The U.S. Consumer Product Safety Commission has launched an investigation of residential elevators and lifts, which the agency estimates were involved in 1,600 injuries during 2011 and 2012.
In a statement today, the CPSC said the probe followed reports of “children becoming entrapped in the gap of residential elevators, tragically leading to fatalities and serious injuries.’’
Agency staff members received a briefing in March about hazards of the machines, which are found in thousands of upscale single-family houses, as well as in apartment buildings. Evidence was provided by the family of Jacob Helvey who, as 3-year-old boy in 2010, suffered brain damage in an elevator accident at his Georgia home. He was smashed after becoming trapped in the narrow space between the outside entry door and the accordion-style inside door that encloses the moving elevator car.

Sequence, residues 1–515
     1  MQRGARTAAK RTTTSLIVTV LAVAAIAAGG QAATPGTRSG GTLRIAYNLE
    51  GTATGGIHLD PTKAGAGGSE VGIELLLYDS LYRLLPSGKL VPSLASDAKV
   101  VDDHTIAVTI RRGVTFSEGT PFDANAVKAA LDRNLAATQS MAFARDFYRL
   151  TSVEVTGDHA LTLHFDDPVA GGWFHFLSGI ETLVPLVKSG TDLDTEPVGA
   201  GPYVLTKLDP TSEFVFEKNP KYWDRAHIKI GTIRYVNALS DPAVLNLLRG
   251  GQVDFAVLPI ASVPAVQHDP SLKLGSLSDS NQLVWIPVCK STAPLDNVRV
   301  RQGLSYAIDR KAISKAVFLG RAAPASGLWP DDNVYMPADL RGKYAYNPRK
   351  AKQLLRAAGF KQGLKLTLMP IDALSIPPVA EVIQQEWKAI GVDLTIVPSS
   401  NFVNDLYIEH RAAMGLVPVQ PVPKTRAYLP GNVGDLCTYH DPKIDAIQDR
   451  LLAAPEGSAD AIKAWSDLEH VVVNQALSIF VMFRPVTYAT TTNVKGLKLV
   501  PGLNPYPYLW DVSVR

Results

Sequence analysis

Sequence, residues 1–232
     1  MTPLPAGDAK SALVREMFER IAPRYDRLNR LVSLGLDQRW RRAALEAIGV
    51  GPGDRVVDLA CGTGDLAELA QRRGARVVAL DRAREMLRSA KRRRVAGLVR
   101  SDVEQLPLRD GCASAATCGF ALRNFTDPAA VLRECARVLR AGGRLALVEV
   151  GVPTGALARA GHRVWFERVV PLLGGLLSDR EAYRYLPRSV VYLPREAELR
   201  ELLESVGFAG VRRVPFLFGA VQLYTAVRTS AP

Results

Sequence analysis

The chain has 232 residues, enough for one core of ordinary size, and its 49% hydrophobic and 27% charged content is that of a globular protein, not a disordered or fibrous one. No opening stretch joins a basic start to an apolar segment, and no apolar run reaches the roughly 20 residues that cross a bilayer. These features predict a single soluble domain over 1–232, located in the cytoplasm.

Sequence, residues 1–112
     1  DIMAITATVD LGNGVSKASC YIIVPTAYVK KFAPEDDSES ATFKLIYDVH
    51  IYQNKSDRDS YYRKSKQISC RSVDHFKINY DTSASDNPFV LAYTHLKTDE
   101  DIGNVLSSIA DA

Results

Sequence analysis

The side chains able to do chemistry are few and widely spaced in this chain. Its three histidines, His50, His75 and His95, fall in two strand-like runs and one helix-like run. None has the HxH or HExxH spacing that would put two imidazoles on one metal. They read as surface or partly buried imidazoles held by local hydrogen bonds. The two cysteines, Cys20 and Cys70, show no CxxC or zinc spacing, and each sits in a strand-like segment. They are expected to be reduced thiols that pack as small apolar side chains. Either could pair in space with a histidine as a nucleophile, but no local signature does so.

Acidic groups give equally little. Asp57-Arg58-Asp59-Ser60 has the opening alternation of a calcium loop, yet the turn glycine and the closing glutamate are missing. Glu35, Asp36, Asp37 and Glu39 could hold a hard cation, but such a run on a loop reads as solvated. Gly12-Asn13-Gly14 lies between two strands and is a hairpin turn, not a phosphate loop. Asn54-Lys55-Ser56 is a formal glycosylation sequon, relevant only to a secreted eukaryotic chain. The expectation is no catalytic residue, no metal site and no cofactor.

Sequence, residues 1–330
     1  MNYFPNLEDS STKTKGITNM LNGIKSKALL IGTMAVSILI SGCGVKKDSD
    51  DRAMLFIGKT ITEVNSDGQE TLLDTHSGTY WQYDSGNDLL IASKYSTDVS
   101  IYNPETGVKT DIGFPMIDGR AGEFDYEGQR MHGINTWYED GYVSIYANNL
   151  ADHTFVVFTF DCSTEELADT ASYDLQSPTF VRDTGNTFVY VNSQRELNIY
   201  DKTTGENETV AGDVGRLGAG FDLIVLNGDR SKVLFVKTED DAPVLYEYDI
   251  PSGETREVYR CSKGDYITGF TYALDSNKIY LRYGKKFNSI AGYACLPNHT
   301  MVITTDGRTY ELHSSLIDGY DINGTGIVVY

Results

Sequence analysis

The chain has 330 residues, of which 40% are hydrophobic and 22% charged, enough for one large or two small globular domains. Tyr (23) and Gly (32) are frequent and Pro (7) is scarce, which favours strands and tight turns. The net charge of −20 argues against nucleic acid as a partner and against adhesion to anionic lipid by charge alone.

The issue was previously reported by Safety Research & Strategies, a consulting and advocacy group.
The CPSC said it had no breakdown among the 1,600 estimated victims on the type or severity of the injuries, or how many of those hurt were children. In fact, in an interview, CPSC spokesman Scott Wolfson dialed back the agency’s statement somewhat, saying he didn’t know if there was just one, or multiple, fatalities.
The 1,600-injury estimate was extrapolated from injury reports provided to the CPSC by hospital emergency rooms that treated people hurt in elevator accidents.
Wolfson said the agency, under federal law, was barred from naming the elevator manufacturers under investigation.
In its statement, the CPSC said it “has an active and ongoing compliance investigation regarding the safety of residential elevators and the entrapment hazard they can present. While CPSC investigates the role and responsibilities of manufacturers and installers when it comes to the safety of residential elevators, owners of residential elevators should take steps to ensure children do not have unsupervised access to in-home elevators.”